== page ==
Tome of the Undergates

Page 17

‘The creature,’ he said, ‘that thing. Was it some unholy demon sent from hell? Or an agent of a wrathful god? What?’

‘What makes you think I know?’ She scowled at him. ‘Is there nothing in any of your books that explains it?’

‘I have only one book,’ he replied, patting the heavy leather-bound object hanging from his waist, ‘and it’s filled with other things.’ He tucked a scroll into the arms of another corpse. ‘Nobody knows what that thing was.’ He looked up at her suddenly. ‘But the Lord Emissary seems to have a better idea than anyone else.’

‘What are you insinuating?’ she asked, her eyes narrowing as she drew herself up. ‘Lord Miron would never consort with such abominations.’

‘Of course not,’ Dreadaeleon said, shaking his head. ‘I’m just curious as to what that creature was.’ He sighed quizzically. ‘It’s certainly not something I’ve ever seen in any bestiary.’

‘You’re as likely to have an answer as I am,’ Asper replied with a shrug. ‘I’ve never heard of anything that can drown a man on dry land, have you?’

‘There are spells that can do such things. But if it had been using magic, I would have known.’ He paused and thought for a moment. ‘I wish that ooze hadn’t dried off Moscoff—’


‘I wish it hadn’t dried off his face so easily. I could have studied it.’

The priestess chuckled dryly and he turned to her, raising an eyebrow.

‘What’s so funny?’

‘I shouldn’t be laughing, I know. But . . . you’re the only man I know who would face something so horrible and wish he could have been closer to it.’ She stifled further inappropriate laughter. ‘Denaos has sent no word yet?’

‘No,’ the wizard replied, shaking his head. ‘The captain and he have been down there for hours.’ He shrugged. ‘Who knows what they’re doing to Rashodd?’

‘I’m not certain I want to know,’ Asper replied, frowning. She cast a glance to the companionway leading to the hold below and shuddered.

‘And what do you intend to do about him?’ Dreadaeleon asked, pointing to the far side of the mess hall.

Asper cringed; she had purposely avoided glancing at that particular section. Swallowing her anxiety, she turned and glanced at the cold, limp corpse of the frogman lying on the table under a sheet, eyes wide open and glazed over as they stared up at the ceiling. She hadn’t even ventured near enough to close his eyes, she realised, cursing herself for such disrespect. Still, it was difficult for her even to glance at the corpse. Without the rush of combat, the man’s appearance unnerved her greatly.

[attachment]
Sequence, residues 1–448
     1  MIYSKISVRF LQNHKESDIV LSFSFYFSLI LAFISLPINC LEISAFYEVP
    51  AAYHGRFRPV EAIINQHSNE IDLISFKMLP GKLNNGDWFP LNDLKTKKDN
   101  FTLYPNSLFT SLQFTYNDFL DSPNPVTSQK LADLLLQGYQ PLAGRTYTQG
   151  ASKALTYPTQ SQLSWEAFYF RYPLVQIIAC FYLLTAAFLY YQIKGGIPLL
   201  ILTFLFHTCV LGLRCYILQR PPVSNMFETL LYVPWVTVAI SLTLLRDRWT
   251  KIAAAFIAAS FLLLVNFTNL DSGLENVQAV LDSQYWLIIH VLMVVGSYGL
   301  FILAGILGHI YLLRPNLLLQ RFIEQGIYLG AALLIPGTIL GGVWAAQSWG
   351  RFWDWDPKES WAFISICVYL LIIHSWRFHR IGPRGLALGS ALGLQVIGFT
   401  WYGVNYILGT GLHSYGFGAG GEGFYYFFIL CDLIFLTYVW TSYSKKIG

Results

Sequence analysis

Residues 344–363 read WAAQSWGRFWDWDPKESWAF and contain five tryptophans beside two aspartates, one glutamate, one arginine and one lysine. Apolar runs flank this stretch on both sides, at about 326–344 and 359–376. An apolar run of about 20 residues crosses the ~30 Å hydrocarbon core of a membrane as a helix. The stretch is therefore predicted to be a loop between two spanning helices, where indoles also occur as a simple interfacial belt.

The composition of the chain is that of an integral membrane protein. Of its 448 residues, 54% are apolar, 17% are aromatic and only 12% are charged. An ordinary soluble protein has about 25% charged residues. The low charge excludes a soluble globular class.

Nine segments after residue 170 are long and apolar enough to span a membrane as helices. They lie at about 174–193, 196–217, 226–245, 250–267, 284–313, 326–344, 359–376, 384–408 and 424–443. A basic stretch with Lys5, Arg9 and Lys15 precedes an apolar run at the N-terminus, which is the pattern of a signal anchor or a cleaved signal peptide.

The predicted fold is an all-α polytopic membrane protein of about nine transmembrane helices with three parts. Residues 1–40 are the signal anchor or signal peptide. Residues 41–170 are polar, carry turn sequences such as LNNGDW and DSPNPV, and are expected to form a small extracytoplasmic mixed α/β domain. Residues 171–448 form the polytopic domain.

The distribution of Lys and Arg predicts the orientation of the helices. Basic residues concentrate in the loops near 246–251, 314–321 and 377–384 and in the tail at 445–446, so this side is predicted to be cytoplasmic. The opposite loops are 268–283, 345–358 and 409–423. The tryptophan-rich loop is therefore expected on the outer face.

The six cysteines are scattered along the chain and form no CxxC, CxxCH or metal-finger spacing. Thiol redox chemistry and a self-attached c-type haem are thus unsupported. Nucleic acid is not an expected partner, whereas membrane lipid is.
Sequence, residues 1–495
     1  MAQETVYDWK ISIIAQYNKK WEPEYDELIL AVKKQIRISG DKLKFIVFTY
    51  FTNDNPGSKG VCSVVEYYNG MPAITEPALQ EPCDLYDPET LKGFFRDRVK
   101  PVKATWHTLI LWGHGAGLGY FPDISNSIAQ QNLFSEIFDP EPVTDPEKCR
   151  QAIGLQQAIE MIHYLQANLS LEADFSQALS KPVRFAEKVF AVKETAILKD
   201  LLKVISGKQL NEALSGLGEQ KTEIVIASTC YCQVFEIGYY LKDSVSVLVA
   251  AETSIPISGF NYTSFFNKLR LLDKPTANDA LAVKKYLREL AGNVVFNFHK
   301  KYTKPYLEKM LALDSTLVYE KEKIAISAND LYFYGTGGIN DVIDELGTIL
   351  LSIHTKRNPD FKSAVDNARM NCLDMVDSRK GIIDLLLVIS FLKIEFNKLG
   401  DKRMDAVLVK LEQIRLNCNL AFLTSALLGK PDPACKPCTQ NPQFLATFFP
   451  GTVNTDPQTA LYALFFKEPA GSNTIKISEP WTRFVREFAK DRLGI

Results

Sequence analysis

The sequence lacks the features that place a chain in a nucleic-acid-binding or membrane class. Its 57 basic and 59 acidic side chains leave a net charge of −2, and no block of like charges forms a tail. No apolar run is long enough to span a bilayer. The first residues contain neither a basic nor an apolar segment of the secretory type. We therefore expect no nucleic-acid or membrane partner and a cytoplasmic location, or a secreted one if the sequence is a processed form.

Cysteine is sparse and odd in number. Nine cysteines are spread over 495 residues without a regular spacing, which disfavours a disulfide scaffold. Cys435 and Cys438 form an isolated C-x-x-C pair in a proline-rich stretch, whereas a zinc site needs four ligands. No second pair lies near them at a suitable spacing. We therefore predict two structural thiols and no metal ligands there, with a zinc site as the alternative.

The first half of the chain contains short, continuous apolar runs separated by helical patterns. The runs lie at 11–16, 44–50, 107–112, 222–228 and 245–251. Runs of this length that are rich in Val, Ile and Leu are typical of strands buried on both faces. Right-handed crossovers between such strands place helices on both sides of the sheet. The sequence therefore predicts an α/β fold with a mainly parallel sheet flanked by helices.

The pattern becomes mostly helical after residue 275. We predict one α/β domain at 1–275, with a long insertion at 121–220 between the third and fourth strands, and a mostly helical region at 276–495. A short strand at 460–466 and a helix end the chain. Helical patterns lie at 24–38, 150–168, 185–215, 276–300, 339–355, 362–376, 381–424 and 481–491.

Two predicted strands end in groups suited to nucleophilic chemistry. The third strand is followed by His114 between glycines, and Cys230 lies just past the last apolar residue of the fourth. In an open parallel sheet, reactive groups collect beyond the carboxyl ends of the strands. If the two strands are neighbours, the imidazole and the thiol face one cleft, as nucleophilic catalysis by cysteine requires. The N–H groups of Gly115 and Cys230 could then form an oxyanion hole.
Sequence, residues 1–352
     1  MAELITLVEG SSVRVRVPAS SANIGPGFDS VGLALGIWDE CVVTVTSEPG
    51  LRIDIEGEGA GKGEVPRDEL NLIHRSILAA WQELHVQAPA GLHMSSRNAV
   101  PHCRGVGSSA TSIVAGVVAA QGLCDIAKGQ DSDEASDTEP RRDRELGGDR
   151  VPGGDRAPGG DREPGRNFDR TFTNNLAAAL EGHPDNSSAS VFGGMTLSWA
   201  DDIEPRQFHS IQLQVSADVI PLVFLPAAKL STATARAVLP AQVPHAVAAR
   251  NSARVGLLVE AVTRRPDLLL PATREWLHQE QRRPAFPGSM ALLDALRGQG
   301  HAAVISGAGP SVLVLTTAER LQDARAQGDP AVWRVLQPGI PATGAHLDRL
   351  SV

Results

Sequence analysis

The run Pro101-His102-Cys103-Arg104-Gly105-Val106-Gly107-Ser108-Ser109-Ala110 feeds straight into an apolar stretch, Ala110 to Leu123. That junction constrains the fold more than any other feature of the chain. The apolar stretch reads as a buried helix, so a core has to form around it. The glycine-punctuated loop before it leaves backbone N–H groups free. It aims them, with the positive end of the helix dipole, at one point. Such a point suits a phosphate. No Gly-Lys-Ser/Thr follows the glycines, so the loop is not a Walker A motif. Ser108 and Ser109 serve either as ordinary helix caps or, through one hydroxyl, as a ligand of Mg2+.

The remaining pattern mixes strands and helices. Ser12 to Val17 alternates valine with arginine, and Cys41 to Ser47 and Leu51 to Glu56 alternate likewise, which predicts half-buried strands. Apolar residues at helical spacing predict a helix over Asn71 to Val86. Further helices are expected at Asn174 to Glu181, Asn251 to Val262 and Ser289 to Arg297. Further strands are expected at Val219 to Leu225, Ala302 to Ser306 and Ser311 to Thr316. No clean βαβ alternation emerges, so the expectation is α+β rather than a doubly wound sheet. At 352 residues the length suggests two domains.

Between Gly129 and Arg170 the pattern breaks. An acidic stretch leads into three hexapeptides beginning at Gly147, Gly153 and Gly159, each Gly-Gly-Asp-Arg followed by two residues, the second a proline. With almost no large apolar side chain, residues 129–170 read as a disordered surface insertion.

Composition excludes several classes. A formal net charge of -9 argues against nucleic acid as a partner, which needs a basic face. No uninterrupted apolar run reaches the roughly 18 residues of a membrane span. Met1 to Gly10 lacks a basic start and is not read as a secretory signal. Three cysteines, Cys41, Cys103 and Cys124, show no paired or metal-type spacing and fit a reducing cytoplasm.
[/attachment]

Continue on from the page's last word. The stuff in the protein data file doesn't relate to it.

Anxiety was not a word that Dreadaeleon recognised, however, and she gasped as she saw the wizard take a seat next to the corpse and poke it curiously.

‘Dread!’ she cried out, hurrying over. She skidded to a halt about halfway, cringing, but forced herself to come alongside the boy. ‘Foe or not, have some respect for the dead!’

‘Look at this,’ the wizard said, ignoring her. He held up the corpse’s limp arm and she cringed again. He held the arm a little closer to the light and pointed to the skin. ‘His skin is still wet and he’s been down here for hours and . . . my, my, what’s this?’

He didn’t have to point it out to her, for Asper saw it as clearly as he did. The boy gently pulled the man’s fingers apart, stretching the flaps of skin between the digits.

‘Webbed hands,’ he said, examining the digits. He dropped the hand and spun in his seat, lifting up the man’s leg. ‘Look here . . . he has them between his toes as well.’

‘Fascinating,’ Asper replied. ‘Do you really have to do this now?’

‘And if he has webbed appendages . . .’ Dreadaeleon trailed off as he inched closer to the frogman’s head.

Asper reeled back, cringing as he lifted the corpse’s head and pulled back his ear. She nearly retched when she saw the thin red slits hidden behind the earlobe.

‘Interesting,’ Dreadaeleon remarked, sharing none of her disgust. ‘He has . . . gills.’

‘So . . . he really is a frogman?’

‘It’d be more accurate to call him a fishman, I think.’

‘Uh-huh,’ Asper replied, intentionally avoiding looking at the mutated man. ‘It’s . . . good that the captain didn’t order him tossed overboard. Otherwise you might never have found this out.’

‘Why does Argaol want him, anyway?’ Dreadaeleon asked, examining the webbed toes again. ‘Weren’t the others tossed overboard after they were executed?’

‘I suppose he believes the frogmen have some connection to the creatu—’